A further reminder of risks faced by construction
professionals is evidenced by a recent decision of Victorian Civil
and Administrative Tribunal in Softley v Metricon Homes Pty
The December 2014 decision builds on the potential exposure
facing construction professionals operating in the domestic
building sector arising out of slab heave caused by volatile soil
movements, as featured in the article, " Victorian
Construction Professionals under scrutiny:
a new wave of claims on the horizon.
STANDARDS OF WORKMANSHIP IN QUESTION
The applicant owners, Mr and Mrs Softley, engaged Metricon to
construct a Metricon designed dwelling known as 'Santorini
26' on their vacant block of land located in Melton West. The
design was premised on structural engineering drawings produced by
Structural Works (an engineering practice) on behalf of
Shortly after occupying the dwelling, the Softleys observed
cracking in the walls, skirting boards and cornices, as well as
areas where the ceiling had separated from the cornices. Following
torrential rainfall a few months later, the Softleys observed
extensive external damage, including cracking and splitting in the
bricks and mortar. Subsequent investigations revealed that the
damage was caused by slab heave which lifted the external walls and
distorted the timber frame.
Following a series of investigations and an unsuccessful
rectification attempt by Metricon, the Softleys commenced
proceedings against Metricon alleging that in breach of the implied
warranties set out in section 8 of the Domestic Building
Contracts Act 1995 ('the Act') and
expressly referred to in the contract, Metricon had departed from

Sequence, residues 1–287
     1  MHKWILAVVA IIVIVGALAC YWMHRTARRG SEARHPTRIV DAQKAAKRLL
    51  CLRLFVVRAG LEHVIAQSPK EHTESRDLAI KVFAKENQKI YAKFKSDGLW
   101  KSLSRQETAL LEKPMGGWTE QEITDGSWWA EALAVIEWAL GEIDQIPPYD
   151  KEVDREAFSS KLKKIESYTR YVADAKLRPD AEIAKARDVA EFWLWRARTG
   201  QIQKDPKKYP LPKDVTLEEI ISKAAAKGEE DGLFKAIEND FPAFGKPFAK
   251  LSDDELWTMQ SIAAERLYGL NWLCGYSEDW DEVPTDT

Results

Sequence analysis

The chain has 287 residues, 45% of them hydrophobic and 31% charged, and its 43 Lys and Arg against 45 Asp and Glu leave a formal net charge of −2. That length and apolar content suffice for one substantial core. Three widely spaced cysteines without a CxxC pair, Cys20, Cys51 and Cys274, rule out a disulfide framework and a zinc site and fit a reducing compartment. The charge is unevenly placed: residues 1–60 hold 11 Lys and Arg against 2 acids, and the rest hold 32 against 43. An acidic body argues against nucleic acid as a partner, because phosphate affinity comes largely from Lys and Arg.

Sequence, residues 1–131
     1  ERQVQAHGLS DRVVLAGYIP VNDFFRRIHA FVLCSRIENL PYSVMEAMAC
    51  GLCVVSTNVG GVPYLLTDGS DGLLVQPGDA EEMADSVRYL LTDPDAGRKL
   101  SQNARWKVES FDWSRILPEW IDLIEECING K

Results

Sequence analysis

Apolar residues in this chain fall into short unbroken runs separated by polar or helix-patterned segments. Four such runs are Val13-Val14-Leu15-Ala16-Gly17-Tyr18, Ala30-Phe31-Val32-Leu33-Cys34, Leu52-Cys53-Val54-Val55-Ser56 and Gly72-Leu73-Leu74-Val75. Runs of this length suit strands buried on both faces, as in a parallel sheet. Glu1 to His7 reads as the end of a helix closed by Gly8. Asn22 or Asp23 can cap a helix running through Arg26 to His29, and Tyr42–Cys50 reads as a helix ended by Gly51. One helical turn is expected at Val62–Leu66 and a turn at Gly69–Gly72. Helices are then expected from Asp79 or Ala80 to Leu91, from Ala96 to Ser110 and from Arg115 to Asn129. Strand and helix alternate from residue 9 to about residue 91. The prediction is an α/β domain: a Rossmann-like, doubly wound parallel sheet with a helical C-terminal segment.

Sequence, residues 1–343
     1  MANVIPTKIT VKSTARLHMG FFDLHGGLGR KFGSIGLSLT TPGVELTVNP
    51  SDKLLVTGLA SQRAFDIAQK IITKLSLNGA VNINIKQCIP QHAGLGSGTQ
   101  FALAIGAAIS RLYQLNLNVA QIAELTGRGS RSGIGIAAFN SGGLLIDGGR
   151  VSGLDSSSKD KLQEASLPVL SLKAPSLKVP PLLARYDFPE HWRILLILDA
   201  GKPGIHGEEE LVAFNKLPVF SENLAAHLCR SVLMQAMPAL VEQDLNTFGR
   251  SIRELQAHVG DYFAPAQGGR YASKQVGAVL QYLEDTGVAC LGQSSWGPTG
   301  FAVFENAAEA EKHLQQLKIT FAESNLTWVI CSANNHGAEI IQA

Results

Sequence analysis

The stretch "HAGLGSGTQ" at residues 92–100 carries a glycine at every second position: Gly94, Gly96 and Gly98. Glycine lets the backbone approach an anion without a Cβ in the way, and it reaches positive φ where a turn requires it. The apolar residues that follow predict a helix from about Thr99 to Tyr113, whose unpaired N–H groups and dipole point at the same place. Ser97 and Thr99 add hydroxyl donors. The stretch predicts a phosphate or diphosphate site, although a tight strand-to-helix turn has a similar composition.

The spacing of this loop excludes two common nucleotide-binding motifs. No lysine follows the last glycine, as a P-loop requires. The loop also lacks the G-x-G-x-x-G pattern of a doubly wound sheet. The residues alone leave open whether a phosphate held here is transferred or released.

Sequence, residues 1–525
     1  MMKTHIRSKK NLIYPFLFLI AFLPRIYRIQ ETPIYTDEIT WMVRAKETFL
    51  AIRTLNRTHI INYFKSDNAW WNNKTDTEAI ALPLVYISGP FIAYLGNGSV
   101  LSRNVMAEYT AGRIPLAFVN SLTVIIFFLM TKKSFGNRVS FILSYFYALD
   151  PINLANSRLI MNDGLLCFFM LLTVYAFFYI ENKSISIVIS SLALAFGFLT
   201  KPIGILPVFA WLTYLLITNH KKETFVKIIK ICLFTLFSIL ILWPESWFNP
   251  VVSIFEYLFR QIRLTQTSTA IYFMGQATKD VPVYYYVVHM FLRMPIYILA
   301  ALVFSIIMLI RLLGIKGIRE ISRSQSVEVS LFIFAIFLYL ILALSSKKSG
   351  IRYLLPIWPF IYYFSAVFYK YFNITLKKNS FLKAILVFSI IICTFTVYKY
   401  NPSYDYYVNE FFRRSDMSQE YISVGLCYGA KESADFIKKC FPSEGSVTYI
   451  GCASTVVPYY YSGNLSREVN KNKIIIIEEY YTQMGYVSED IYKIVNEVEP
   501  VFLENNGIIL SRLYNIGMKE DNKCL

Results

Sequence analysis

the proper standards of workmanship in construction.
In finding for the Softleys, the Tribunal held that Metricon had
breached the implied warranty contained in section 8 of the Act as
it departed from the proper standards of workmanship in
construction by, amongst other things:
failing to install downpipes once the roof had been installed
resulting in water pooling at the base of the slab during the
exposing the edges of the waterproof membrane placed under the
failing to take steps to channel rainwater away from the edge
of the slab after the pouring of the slab; and
failing to provide adequate surface and sub-surface drainage
prior to construction as stipulated in the structural design.
The Tribunal was satisfied that Metricon's failings caused
the expansion of the highly reactive clay subsoil following heavy
drought ending rainfall which occurred during the construction
Although finding that the design itself was not defective, the
Tribunal appeared to accept that Metricon could have otherwise been
liable in circumstances where it was, for all intents and purposes,
the designer. The position was contrasted to a scenario where an
owner engages an architect/engineer and, on the basis of their
design, retains a builder solely for the purpose of
The Tribunal accepted the Softleys' primary claim for loss and
damage by awarding the cost of a demolition and rebuild over the
more commonly awarded cost of rectifying the existing
The Tribunal held that in determining whether to award the cost
of rectification or the cost of demolition and reconstruction, it
needed to consider whether the damage and distress suffered was a
'one off event' or whether it was likely to be an ongoing
In this context, noting that a number of unsuccessful attempts
at rectification had been made, the Tribunal was satisfied that the
damage was ongoing and on that basis awarded damages that were
sufficient to allow for a demolition and reconstruction of the
VOLATILE SOIL RISK
The Tribunal's decision highlights the risks facing
construction professionals when designing and/or constructing
dwellings in areas where volatile soil is present.
Whilst the Softley claim differs from the recent "waffle
slab" claims, because the damage occurred in the construction
phase rather than after occupation, it is a further reminder of the
dangers of construction professionals adopting cost-saving
practices without considering the geology and natural features of
the previously undeveloped parcels of land.
Given the reported increase in property damage arising from slab
heave caused by volatile soil movement, construction professionals
may find themselves more readily exposed to costly disputes and
adverse findings if they are shown to have failed to give
sufficient consideration to the risk of volatile soil movement.
1 VCAT 1502.
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